Good story. You think they'll use this scenario in future product testing?


Dec 17, 2009 at 01:36 PM
omarlyn
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p.5 #9 · p.5 #9 · Possible world record


Here's another 'take' on the authenticity of this story...Years ago I was an avid sky-diver and our landing zones were dry farm fields that were 'regenerating'. However, we were surrounded by other active fields...some of which were plowed (= loose soil), and overgrown with crops. I always thought that some of these fields were so overgrown that a skydiver with a partially open 'chute falling hard would survive landing in one of these fields. Once, I turned with the wind on my final approach (which meant I was going to land hard)...I ended up drifting over the next field which was as described above and it made for a very effective 'cushion' for my landing. So, I think it's possible that it could have occured as described if the landing site had loose, fine, plowed dirt and tall vegetation. The video camera could have taken an initial impact (on a branch) which destroyed the video but took most of the impact force and then flipped through some softer vegetation (slowing down even further) and finally landing (at a relatively slow speed) in the soft loose soil. Yes, it's a stretch of the imagination and maybe even one-in-a-million but it could have happened. In fact, sky-divers have been known to survive 'chute failures at (near) free-falls speeds because they landed in thick vegetation.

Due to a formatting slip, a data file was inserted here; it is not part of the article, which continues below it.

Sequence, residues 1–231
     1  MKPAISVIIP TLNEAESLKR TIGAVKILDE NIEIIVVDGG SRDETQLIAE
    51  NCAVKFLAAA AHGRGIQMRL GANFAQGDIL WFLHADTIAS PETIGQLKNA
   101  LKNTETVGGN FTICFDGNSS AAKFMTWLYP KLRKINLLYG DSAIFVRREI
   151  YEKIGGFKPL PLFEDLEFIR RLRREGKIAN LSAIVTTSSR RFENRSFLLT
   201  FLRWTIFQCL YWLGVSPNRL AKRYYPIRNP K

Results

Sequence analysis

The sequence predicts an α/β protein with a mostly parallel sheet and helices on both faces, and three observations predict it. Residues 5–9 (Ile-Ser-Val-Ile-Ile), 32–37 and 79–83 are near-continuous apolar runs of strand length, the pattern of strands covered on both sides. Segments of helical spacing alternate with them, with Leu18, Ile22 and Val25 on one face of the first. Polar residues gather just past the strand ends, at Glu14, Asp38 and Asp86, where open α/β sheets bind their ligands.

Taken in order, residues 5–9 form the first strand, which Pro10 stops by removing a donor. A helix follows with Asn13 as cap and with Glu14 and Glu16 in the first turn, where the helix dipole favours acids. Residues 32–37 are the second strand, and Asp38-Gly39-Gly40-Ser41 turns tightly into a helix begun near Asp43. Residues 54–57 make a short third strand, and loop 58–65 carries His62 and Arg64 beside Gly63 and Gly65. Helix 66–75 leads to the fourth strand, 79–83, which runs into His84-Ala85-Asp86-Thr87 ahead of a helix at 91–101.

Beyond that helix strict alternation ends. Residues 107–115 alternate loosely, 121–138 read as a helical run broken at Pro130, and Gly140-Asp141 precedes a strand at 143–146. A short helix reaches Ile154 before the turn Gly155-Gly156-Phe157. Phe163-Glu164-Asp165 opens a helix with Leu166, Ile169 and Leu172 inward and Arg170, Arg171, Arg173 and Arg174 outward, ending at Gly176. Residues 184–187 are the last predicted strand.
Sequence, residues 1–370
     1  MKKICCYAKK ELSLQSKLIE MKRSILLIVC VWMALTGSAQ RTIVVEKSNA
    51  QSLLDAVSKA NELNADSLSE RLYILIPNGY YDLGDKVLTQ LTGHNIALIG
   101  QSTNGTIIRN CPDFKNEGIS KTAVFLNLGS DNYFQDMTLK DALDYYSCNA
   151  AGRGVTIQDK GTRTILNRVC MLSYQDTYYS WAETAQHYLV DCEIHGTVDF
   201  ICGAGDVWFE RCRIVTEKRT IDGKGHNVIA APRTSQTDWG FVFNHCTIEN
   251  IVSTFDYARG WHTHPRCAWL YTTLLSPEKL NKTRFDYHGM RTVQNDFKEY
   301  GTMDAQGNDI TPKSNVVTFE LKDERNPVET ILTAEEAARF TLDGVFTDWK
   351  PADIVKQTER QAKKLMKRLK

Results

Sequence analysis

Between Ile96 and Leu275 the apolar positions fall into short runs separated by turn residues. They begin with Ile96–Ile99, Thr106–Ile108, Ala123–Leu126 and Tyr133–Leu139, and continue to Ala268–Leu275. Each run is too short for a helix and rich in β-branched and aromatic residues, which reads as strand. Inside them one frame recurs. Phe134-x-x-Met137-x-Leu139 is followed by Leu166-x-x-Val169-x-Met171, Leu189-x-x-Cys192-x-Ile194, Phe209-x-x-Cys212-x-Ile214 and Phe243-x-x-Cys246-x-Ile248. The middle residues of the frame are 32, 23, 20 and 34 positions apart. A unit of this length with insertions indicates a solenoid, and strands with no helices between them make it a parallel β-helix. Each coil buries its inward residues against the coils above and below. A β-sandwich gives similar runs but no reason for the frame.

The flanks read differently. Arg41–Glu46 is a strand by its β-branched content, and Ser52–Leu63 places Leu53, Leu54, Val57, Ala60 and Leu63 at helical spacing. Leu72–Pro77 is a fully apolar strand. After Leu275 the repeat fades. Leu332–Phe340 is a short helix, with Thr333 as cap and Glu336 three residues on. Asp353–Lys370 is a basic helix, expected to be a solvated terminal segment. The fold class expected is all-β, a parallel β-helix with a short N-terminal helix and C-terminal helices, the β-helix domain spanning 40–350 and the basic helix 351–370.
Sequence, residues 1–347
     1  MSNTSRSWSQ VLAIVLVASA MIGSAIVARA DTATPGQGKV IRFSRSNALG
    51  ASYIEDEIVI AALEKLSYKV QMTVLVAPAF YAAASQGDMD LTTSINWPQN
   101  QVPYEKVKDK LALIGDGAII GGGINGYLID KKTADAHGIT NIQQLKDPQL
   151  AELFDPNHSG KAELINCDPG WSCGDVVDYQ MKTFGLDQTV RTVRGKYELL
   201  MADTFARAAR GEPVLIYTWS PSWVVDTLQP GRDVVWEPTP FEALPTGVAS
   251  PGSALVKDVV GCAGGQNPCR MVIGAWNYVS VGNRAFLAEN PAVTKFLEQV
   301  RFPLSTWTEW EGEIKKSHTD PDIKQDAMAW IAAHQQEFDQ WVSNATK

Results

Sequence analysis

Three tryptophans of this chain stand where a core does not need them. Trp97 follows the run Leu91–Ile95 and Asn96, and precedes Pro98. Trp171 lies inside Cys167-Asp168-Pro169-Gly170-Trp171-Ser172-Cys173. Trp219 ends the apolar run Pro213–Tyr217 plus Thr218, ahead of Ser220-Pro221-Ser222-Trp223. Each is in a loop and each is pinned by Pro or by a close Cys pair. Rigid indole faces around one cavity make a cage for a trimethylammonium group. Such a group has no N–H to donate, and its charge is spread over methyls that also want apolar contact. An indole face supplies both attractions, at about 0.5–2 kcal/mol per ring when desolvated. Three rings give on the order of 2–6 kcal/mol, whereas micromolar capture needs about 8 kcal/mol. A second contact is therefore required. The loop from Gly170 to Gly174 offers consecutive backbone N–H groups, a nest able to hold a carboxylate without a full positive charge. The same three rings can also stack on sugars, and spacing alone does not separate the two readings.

Omar



Dec 17, 2009 at 04:11 PM
Patrick Elliott
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p.5 #10 · p.5 #10 · Possible world record


Upon further investigation, it was discovered that the XT was originally registered to Chuck Norris. Therefore, it is true and it did survive the fall.




Dec 17, 2009 at 04:45 PM
 

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MTBtrials
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p.5 #11 · p.5 #11 · Possible world record


FWIW, go to page 1. video has been added.


Dec 17, 2009 at 06:10 PM
dkasemier
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p.5 #12 · p.5 #12 · Possible world record


I think it has to do mainly with the trees combined with the mud. Branches slow down a light object pretty gently, even at very high speeds. I don't think it really makes a different if the camera fell 1000ft or 100ft. Terminal velocity would've been reached in both cases. I do think that you're much better of throwing a DSLR from 1000ft into the mud then from 10ft onto concrete.

I think a rebel could survive a tougher landing, like the video camera clearly had. In that case he lens would be shattered though.



Dec 18, 2009 at 08:56 AM
integriphy
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p.5 #13 · p.5 #13 · Possible world record


looks like CNET picked up the story...
http://news.cnet.com/8301-30685_3-10416652-264.html?part=rss&subj=news&tag=2547-1_3-0-20



Dec 18, 2009 at 05:45 PM
Calin Leucuta
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p.5 #14 · p.5 #14 · Possible world record


Video is up:

http://cielphoto.blogspot.com/2009/12/my-first-dslr-rebel-xt.html



Dec 19, 2009 at 03:52 AM
champu
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p.5 #15 · p.5 #15 · Possible world record